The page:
By Steve Persall
Times Film Critic
Mars isn't a red planet in John Carter, but it should be angry. The fourth rock from the sun can't be happy with its name changed to Barsoom, or being depicted as an oddly Earth-toned landscape of unspellable names, shape shifters, flying metal lobsters and distant cousins of Jar Jar Binks.
Whoo, baby, where do we begin? Maybe with a math equation: John Carter = Battlefield Earth + Dune over Prince of Persia times $250 million, the reported cost of this underwhelming fantasy. After this and last year's tax writeoff Mars Needs Moms, Disney should consider another planet to pick on.
John Carter is played by Taylor Kitsch, who really should rethink that surname. John is a taciturn Civil War veteran — the losing side — whose quest to find a cave of gold uncovers a medallion, whisking him off to Barsoom, which isn't much different from the desert he left.
Before you can say "Avatar" he's knee-deep in an alien civil war between the Tharks and Jets. (Actually it's Tharks and Zodangans but I love West Side Story.) In this new gravity, John has power to leap long distances and ... well, he can leap. There's a princess to protect, Dejah Thoris (Lynn Collins), who knows the medallion could destroy Barsoom in the wrong hands, and each Thark has four of those.
Tharks are a greenish crew with tusks, spindly appendages and height- defying prosthetics, so good actors like Willem Dafoe and Thomas Haden Church are buried in digital disguises. Tharks aren't warriors, so while Barsoom's gravity makes John stronger than five of them, it's no big deal. Most Tharks are downright ugly, so Dejah and John are lucky she's a Red Martian, looking human and sexy in tight togas.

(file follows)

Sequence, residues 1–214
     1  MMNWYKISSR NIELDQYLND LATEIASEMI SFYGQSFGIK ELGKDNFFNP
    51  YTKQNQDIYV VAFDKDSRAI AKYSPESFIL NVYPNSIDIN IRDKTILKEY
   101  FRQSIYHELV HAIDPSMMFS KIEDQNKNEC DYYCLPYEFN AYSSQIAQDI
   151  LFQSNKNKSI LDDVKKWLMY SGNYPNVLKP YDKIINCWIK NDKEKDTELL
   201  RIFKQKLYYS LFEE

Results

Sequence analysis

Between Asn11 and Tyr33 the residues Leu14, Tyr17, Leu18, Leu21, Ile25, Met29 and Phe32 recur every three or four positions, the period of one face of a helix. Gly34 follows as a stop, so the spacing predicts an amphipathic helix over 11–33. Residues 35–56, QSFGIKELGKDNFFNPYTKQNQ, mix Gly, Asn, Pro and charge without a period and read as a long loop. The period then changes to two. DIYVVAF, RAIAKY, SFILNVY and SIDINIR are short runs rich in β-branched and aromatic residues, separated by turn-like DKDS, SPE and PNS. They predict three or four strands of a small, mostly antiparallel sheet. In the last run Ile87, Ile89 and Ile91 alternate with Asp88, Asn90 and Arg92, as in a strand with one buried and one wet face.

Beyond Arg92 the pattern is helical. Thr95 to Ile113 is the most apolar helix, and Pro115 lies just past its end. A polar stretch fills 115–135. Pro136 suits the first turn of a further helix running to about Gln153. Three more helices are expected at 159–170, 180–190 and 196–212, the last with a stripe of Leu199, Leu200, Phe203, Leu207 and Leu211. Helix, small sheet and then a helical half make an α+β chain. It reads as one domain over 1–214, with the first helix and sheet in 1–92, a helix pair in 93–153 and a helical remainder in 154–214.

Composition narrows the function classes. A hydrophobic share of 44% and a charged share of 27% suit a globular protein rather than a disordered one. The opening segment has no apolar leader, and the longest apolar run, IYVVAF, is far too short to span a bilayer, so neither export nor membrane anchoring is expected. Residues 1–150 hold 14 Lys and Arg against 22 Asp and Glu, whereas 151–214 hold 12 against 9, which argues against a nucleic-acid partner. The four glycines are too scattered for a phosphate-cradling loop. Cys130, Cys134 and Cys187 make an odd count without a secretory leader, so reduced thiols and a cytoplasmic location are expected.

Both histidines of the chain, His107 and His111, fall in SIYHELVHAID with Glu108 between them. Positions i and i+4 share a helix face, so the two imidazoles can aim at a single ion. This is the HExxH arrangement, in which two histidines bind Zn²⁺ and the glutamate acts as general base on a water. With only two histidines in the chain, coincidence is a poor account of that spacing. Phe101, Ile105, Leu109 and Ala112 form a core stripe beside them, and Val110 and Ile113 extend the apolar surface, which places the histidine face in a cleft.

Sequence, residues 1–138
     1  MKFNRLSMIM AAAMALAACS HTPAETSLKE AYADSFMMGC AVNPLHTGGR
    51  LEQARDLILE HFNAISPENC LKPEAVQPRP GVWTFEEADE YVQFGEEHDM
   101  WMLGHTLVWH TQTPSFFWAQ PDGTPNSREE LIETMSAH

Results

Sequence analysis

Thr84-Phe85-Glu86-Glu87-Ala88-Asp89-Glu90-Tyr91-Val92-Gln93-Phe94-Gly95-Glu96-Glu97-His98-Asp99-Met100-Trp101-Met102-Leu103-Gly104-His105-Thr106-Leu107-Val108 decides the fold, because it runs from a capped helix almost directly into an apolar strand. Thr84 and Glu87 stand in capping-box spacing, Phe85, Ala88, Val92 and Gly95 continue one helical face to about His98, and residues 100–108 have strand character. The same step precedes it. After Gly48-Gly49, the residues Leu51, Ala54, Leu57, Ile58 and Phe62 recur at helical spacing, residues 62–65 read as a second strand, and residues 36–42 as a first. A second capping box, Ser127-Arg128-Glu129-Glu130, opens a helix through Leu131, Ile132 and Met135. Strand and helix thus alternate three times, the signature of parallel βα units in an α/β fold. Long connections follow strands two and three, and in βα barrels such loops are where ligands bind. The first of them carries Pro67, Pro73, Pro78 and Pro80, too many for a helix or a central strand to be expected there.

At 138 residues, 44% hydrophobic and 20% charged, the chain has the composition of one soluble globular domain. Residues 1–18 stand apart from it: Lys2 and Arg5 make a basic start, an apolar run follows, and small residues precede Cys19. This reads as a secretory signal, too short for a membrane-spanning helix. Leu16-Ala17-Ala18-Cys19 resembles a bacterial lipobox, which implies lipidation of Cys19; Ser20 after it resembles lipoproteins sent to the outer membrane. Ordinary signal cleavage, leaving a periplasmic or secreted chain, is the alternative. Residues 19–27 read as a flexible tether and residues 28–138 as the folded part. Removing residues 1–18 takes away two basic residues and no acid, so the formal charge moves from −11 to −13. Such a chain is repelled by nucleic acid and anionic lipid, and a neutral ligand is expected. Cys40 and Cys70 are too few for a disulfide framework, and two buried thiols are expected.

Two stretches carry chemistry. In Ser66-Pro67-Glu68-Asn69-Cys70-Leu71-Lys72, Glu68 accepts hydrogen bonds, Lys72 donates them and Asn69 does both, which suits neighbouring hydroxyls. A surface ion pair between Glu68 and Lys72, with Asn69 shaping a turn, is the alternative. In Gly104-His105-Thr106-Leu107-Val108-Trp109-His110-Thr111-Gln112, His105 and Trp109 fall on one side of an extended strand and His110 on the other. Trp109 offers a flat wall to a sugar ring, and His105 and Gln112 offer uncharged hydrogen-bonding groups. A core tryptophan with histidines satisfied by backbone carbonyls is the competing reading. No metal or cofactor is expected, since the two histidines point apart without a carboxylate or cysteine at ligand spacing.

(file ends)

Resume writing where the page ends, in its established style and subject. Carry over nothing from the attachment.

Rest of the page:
Bad guys include Sab Than (Dominic West), who sports a power glove made of what looks like glowing spun sugar, and Matai Shang (Mark Strong, who always gets hired to play evil). Their dialogue is either bloated with mock mythology, or punctuated with snorters such as: "Let them be crushed like unhatched eggs!"
Most annoying is John Carter's scarcity of action. This much buck should buy more bang. There is John's Gladiator-style fight with a giant polar sloth and a slo-mo sequence with John creating an impressive pile of bodies, but the showdown this malarkey leads to is one leap, a sword swing and it's over.
John Carter is Andrew Stanton's first foray into live-action filmmaking, after crafting Pixar's Finding Nemo and Wall-E. Nobody denies his right to stretch, but why with this material, with his animation prowess? Walt Disney himself considered a 'toon based on Edgar Rice Burroughs' books, years before Snow White and the Seven Dwarfs. If Uncle Walt could see where $250 million went, he'd be madder than Mars.
Steve Persall can be reached at firstname.lastname@example.org or (727) 893-8365.